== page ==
||This article includes a list of references, related reading or external links, but its sources remain unclear because it lacks inline citations. (December 2012)|
The Castaic Lake, with the dam visible on the right.
|Location||Castaic, United States|
|Dam and spillways|
|Type of dam||Earthfill|
|Length||5,200 ft (1,600 m)|
|Height||340 ft (100 m)|
|Dam volume||48,000,000 cu yd (37,000,000 m3)|
|Spillway type||Uncontrolled overflow|
|Total capacity||325,000 acre·ft (401,000,000 m3)|
|Catchment area||153.7 sq mi (398 km2)|
|Installed capacity||11 MW|
Castaic Dam, located near the city of Castaic, California is an earth-fill dam with its surfaces covered with boulders and cobble-sized rocks to prevent erosion. Although located on Castaic Creek and forming Castaic Lake, Castaic Creek provides little of its water. The lake is the terminus of the West Branch of the California Aqueduct, part of the State Water Project. The dam was built by the California Department of Water Resources and construction was completed in 1973. The lake has a capacity of 325,000 acre feet (401,000,000 m3) and stores drinking water for the western portion of the Greater Los Angeles Area.
The 11 MW Foothill Feeder hydroelectric power plant is located at the base of the dam and generates electricity when water is needed in Los Angeles.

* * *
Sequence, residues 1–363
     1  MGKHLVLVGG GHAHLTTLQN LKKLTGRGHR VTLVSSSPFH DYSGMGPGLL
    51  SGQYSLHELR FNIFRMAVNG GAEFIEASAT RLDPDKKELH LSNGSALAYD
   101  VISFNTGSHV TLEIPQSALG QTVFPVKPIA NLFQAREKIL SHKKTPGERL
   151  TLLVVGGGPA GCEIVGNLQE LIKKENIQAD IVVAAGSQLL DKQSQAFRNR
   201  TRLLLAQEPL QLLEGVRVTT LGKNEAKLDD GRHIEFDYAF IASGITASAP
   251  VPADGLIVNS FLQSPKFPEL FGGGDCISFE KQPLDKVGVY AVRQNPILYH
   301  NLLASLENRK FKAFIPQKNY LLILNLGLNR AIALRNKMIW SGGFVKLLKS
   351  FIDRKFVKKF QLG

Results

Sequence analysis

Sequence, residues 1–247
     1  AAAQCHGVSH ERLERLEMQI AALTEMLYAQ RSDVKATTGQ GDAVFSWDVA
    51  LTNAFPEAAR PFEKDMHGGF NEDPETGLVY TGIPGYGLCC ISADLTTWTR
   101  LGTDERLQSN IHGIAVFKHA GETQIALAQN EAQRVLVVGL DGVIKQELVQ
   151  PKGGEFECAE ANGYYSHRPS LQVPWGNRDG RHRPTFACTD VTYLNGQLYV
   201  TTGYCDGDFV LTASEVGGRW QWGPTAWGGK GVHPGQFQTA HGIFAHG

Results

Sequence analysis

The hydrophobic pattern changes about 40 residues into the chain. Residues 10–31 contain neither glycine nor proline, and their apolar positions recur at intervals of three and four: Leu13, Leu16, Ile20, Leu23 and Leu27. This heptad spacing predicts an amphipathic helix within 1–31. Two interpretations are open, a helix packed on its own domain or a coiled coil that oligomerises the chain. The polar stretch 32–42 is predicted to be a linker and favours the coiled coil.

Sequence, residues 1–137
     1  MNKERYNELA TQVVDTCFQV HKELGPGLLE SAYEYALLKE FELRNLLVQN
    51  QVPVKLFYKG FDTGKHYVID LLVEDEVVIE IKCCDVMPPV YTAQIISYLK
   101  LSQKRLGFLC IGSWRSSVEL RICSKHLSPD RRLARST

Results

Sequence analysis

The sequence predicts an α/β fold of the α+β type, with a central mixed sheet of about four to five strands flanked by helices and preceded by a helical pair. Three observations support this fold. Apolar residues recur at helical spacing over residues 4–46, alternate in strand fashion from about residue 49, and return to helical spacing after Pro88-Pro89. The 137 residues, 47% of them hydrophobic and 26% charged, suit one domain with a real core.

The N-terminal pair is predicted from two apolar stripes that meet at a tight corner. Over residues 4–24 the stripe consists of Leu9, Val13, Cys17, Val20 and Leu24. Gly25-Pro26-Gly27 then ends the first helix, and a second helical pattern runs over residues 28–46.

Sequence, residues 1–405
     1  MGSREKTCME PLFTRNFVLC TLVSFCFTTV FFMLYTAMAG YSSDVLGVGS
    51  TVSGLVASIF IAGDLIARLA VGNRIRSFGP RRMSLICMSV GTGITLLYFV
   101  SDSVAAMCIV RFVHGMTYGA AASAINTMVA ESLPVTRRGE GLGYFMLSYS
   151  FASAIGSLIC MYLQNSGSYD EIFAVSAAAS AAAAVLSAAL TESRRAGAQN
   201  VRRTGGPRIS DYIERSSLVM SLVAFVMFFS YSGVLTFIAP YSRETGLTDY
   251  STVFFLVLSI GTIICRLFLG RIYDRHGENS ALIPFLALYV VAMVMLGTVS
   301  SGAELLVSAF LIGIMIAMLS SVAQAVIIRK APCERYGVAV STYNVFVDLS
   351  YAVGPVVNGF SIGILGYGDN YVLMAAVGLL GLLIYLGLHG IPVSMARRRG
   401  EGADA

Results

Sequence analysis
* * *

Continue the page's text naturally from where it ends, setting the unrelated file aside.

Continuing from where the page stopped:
The 1,495 MW (Nominal) Castaic Power Plant is located at the upper end of the West arm of Castaic Lake. Castaic Lake serves as the lower reservoir, while Pyramid Lake serves as the upper. When demand for electricity is high, usually during the afternoon, water is withdrawn from Pyramid Lake and released into Castaic Lake. At night, when demand is low, water is pumped back into Pyramid Lake. The sale of peak electricity reduces the Department of Water Resources' overall electric costs for operating the California Aqueduct.
|Wikimedia Commons has media related to Castaic Dam.|
- List of dams and reservoirs in California
- List of power stations in California
- List of the tallest dams in the United States
- "Castaic Lake Dam". Geographic Names Information System, U.S. Geological Survey.
- "Dams Within the Jurisdiction of the State of California (A-G)". California Department of Water Resources, Division of Safety of Dams. Retrieved December 3, 2012.